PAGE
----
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Trump says Modi promised ‘millions and millions’ of people will greet him on first India trip

State visit by Donald and Melania Trump to include Delhi and Modi's home state of Gujarat

Adam Withnall
Delhi
Wednesday 12 February 2020 13:47 GMT
Comments
Trump says Modi promised ‘millions and millions’ of people will greet him on India trip

Donald Trump says he has been told to expect “millions and millions of people” lined up to greet him when he and Melania Trump undertake their first visit to India later this month.

Speaking in the Oval Office, the US president called Indian prime minister Narendra Modi “a friend of mine” and “a great gentleman”, and hinted at the prospect of signing a limited trade agreement during the trip.

Mr Trump will travel to India on 24 and 25 February and as well as the capital Delhi, he is set to be given a grand welcome at the new 110,000-capacity Motera cricket stadium in Ahmedabad, billed as the largest stadium of its kind in the world.

Mr Modi first invited Mr Trump to visit India back in 2017. The pair had a phone call over the weekend, after which the White House confirmed the dates for the long-awaited trip.

“I just spoke with Prime Minister Modi, and - I don’t know who’s going - but he said we’ll have millions and millions of people,” Mr Trump told reporters.

The president joked that his American audiences paled by comparison. Referring to his rally in New Hampshire on Monday, which had an estimated 40,000 to 50,000 spectators, he said: “When we have 50,000 people, I’m not going to feel so good… [in Ahmedabad] we’ll have five to seven million people just from the airport to the new stadium.”

In tweets on Wednesday, Mr Modi said he was “extremely delighted” that Mr Trump and the First Lady would be visiting, and promised to provide a “memorable welcome”.

“India and [the US] share a common commitment to democracy and pluralism,” he said. “Our nations are cooperating extensively on a wide range of issues. Robust friendship between our nations augurs well not only for our citizens but also for the entire world.”

The stadium event in Ahmedabad has provisionally been dubbed "Kem Cho Trump", the closest Hindi equivalent to the "Howdy Modi" event held in Houston in September last year.

Ahmedabad is a significant destination for Mr Modi, being the largest city and former capital in his home state of Gujarat. Previous state visits to feature a stop in the city include those of Xi Jinping in 2014, Japan’s Shinzo Abe in 2017 and Israel’s Benjamin Netanyahu in 2018.

It is the state where Mr Modi made his name as chief minister - and where he was accused of allowing a massacre of minority Muslims to take place during riots in 2002.

Gujarat is also a significant state for America, with a large number of Gujarati diaspora living in the US. Those links are expected to be highlighted during the stadium event.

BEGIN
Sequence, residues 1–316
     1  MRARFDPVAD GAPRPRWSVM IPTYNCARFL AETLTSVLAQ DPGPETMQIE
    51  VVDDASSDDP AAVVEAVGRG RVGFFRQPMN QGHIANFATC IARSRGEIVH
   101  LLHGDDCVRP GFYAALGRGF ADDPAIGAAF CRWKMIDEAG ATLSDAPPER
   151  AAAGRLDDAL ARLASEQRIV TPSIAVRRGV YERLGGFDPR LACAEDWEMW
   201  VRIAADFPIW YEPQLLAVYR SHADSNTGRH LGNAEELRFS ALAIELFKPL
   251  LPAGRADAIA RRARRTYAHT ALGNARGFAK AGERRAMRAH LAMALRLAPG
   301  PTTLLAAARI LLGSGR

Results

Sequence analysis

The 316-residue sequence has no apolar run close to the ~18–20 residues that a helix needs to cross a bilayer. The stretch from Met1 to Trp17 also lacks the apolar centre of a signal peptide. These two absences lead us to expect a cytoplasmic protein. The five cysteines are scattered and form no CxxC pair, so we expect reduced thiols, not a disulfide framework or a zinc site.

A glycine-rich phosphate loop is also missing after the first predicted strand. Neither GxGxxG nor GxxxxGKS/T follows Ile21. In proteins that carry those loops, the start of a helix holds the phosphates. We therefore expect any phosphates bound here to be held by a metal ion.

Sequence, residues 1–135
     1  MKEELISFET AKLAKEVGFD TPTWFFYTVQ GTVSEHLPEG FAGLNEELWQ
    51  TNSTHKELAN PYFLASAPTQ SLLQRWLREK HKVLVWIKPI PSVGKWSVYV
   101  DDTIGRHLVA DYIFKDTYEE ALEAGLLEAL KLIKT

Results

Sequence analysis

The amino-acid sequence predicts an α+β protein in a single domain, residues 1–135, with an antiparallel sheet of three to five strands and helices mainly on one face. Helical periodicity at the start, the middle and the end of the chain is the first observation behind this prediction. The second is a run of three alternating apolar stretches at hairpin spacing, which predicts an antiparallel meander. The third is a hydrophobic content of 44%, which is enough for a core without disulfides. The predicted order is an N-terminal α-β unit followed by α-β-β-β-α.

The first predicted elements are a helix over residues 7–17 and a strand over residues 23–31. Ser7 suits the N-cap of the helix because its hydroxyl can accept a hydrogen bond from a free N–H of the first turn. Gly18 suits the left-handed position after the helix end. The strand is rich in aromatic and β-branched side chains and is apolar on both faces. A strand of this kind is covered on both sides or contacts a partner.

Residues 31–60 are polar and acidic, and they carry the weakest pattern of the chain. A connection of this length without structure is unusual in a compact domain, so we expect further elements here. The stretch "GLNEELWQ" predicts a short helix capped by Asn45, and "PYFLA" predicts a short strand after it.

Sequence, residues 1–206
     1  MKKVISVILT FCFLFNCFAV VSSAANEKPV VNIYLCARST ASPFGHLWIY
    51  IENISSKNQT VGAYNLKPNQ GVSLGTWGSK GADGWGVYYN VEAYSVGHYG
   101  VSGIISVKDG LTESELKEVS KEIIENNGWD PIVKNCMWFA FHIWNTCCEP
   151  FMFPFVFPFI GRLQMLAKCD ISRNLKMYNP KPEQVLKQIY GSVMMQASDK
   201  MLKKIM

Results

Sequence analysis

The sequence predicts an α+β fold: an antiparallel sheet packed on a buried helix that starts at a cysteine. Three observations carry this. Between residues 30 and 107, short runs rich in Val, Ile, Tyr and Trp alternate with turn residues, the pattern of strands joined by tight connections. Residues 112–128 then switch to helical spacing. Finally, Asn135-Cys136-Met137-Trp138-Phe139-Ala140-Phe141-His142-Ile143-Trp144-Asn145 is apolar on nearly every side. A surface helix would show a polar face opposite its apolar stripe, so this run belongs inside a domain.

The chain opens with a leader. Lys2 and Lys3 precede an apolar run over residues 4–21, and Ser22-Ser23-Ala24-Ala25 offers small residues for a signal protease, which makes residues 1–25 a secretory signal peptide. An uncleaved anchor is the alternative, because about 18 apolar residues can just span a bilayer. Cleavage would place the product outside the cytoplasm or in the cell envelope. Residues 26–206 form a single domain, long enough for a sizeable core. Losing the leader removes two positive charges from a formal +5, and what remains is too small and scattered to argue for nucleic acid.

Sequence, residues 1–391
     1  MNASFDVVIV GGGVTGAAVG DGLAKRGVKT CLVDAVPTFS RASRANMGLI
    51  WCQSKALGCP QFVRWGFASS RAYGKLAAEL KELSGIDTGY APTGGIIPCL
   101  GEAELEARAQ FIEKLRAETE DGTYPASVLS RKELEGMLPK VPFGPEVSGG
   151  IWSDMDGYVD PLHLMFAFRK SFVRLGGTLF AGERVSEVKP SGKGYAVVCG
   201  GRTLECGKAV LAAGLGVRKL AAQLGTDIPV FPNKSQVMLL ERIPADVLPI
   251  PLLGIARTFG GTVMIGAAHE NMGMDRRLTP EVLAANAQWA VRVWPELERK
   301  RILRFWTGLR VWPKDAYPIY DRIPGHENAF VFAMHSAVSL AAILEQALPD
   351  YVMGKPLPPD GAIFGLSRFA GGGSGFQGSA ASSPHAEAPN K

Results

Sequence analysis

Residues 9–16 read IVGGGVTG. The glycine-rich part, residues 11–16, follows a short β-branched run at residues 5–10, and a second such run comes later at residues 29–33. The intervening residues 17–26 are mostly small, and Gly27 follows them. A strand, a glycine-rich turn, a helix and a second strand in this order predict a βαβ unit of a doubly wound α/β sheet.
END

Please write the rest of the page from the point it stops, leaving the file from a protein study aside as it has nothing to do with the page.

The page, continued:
In a statement, White House press secretary Stephanie Grisham referred to Gujarat as “Prime Minister Modi’s home state… [which] played such an important role in Mahatma Gandhi’s life and leadership of the Indian independence movement.”

Ms Grisham said the trip “will further strengthen the US-India strategic partnership and highlight the strong and enduring bonds between the American and Indian people”.

When questioned on Tuesday evening, Mr Trump went one step further, dangling the prospect of a limited trade agreement to end the tit-for-tat tariffs each side has imposed on the other since Mr Trump accused India of being the “tariff king of the world”.

India is hopeful of securing waivers for its domestic products of high US tariffs against imported steel and aluminium, as well as greater access to the lucrative American market for Indian-made agriculture and automobile components.

The US wants India to cut import duties on some of its IT products, and grant access for American dairy items, medical devices and farm and manufacturing products.

Asked about the prospect of signing a deal during the visit, Mr Trump said: “They (India) want to do something and we’ll see…if we can make the right deal, [we] will do it.”

A Reuters report earlier this week said that officials on both sides are preparing a $2.6bn (£2bn) deal for military helicopters from American company Lockheed Martin that could be signed during the trip.

India has ramped up its spending on US defence technology, up to $17bn since 2007, as part of an effort to modernise its military while reducing the US-India trade deficit and sweeten relations with Washington.

Mr Modi's cabinet security committee is expected to clear the purchase of 24 MH-60R Seahawk helicopters for the Indian navy in the next two weeks. The acquisition will help India’s navy track submarines in the Indian Ocean, where China is expanding its presence.

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